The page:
It is not uncommon for a home in foreclosure to be occupied by renters rather than the homeowner(s). So what rights do tenants in Florida have in this situation. Historically, they basically had no rights. When the property was sold at public auction, the property had to be vacated by the homeowner and tenant alike. That changed with the Protecting Tenants at Foreclosure Act of 2009.
This federal law permitted renters with a lease to remain in the property until the expiration of their lease. That period was reduced to just 90 days if the new owner intended to occupy the residence. For those renters leasing mont-to-month, they were permitted to remain in the property for at least 90 days after notice by the new owner.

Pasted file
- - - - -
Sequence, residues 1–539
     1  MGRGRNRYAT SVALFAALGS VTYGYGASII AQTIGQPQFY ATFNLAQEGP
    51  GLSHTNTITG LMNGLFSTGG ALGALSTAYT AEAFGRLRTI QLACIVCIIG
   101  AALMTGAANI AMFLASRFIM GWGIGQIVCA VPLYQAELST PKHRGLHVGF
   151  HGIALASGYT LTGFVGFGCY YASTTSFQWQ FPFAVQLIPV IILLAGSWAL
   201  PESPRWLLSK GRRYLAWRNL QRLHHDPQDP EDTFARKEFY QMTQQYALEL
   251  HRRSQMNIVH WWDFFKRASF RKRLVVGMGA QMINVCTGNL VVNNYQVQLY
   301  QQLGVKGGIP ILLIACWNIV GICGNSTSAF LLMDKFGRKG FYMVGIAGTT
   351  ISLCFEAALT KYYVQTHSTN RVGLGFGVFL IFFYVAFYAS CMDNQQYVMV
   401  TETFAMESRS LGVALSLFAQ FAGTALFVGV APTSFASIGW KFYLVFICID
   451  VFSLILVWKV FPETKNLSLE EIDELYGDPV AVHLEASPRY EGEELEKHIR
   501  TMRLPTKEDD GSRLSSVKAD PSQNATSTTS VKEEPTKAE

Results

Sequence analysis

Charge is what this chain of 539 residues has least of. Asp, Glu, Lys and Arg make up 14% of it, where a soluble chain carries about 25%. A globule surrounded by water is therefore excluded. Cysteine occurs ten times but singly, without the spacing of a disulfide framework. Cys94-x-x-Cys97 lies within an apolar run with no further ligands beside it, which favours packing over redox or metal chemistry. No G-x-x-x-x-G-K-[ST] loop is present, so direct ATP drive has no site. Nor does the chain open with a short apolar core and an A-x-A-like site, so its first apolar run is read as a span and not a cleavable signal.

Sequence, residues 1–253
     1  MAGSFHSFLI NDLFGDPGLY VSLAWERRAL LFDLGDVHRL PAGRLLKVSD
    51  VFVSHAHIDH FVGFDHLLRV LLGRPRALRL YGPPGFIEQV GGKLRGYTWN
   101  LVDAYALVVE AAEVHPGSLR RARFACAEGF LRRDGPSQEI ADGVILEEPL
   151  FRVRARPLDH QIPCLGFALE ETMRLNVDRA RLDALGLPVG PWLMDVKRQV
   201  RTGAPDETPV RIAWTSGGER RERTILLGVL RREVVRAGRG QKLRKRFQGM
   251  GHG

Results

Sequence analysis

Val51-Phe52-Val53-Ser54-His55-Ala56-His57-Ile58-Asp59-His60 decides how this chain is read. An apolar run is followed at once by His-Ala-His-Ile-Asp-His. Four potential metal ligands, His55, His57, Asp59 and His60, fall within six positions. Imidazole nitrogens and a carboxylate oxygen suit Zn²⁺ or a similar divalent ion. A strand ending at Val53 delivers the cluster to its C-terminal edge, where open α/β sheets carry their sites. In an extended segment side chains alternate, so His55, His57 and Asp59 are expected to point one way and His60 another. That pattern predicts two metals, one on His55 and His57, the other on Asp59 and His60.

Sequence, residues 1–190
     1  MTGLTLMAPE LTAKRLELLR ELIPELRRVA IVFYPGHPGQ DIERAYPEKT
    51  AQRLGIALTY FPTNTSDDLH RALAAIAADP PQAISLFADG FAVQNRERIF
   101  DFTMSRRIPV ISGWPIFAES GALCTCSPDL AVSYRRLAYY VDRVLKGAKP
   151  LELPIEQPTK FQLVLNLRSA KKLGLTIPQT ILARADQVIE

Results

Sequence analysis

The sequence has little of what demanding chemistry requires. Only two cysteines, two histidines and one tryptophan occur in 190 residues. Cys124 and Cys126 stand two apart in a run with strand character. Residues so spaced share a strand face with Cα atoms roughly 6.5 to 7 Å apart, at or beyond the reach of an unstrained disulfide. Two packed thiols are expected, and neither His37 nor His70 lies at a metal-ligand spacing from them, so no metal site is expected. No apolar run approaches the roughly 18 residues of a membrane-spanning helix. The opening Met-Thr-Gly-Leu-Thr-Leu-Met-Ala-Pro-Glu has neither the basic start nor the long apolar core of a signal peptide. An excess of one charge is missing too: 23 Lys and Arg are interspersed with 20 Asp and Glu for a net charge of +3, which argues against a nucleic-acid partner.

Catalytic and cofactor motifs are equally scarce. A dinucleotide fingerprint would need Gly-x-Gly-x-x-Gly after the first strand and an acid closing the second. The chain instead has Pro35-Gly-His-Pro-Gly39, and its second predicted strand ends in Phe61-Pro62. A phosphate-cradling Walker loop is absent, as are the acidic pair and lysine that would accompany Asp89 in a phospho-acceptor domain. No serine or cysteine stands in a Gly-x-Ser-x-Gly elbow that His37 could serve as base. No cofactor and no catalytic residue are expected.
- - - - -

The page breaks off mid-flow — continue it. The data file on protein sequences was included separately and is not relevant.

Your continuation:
Sounds great, right? Well, it was, but unfortunately the Act contained a "sunset" provision which meant it would expire at a certain date unless extended by the United States Congress. The sunset date listed in the Act was December 31, 2014. Congress did not extend the Act and thus renters no longer have the protection of this federal law. A handful of states has enacted similar legislation, but Florida is not one of them as of today, though there has been some effort at doing so. In addition, the Protecting Tenants at Foreclosure Act of 2015 has been proposed in Congress, which would amend the federal Act to eliminate the sunset date and make the Act permanent. Again, thus far, it has not been passed.
For the time being, renters must know that if the house they are living in is foreclosed, they are practically in the same boat as the homeowner once the property is sold - none. Pack up and move, as quickly as you can, to avoid potential financial and legal liabiilty.
Timothy C. Martin, Esq. is the owner/attorney of Martin Law Office, P.A., a solo practitioner law firm in St. Petersburg, Florida. Martin Law's practice areas include Animal Law, Business Law, Estate Planning/Probate, LGBT Advocacy, and Real Estate.